A selection of relevant publications from the Peace Palace Library collection
- Burra, S., "Palestine and the Belated UN Non-Member Observer State Status", Indian Journal of International Law, 52 (2012), No. 3, pp. 591-599.
- Deeb, D. J., Israel, Palestine, and the Quest for Middle East Peace, Lanham, MD, University Press of America, 2013.
- Elman, M.F., Democracy and Conflict Resolution : the Dilemmas of Israel's Peacemaking,
Syracuse, New York, Syracuse University Press, 2014.
- Meloni, C., Is there a Court for Gaza? : a test Bench for International Justice, The Hague, The Netherlands, T. M. C. Asser Press, 2012.
- Kontorovich, E.,"Israel/Palestine - the ICC's Uncharted Territory", Journal of International Criminal Justice, 11 (2013), No. 5, pp. 979-999.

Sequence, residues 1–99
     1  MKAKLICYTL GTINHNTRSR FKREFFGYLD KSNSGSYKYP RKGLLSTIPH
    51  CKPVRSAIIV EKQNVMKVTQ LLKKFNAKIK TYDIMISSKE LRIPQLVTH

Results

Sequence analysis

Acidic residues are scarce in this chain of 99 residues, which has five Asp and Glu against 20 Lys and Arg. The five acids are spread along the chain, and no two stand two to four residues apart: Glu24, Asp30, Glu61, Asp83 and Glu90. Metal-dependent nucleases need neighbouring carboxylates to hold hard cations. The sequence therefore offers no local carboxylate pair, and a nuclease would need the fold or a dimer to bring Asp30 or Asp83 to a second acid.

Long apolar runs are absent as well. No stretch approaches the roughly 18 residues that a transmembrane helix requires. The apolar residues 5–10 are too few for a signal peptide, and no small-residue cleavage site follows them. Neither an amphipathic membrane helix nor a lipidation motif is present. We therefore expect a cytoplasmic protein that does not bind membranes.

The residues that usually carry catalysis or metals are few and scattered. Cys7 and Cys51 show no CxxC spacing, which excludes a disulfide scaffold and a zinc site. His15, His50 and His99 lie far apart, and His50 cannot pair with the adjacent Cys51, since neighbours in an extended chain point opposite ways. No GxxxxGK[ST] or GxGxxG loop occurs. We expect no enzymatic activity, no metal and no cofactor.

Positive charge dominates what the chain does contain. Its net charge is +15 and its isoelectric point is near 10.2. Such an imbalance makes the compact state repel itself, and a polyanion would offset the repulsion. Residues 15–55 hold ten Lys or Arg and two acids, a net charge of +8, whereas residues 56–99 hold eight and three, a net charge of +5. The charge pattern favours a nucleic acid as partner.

- LeVine, M., Mossberg, M., One land, Two States : Israel and Palestine as Parallel States, Berkeley, University of California Press, 2014.
- Peters, J., Newman, D., The Routledge Handbook on the Israeli-Palestinian Conflict,
London, Routledge, 2013.
- Ronen, Y., Israel, "Palestine and the ICC - Territory Uncharted but Not Unknown", Journal of International Criminal Justice, 12 (2014), No. 1, pp. 7-25.
- Zimmermann, A., Palestine and the International Criminal Court Quo Vadis? : Reach and Limits of Declarations Under Article 12 (3), Journal of International Criminal Justice, 11 (2013), No. 2, pp. 303-329.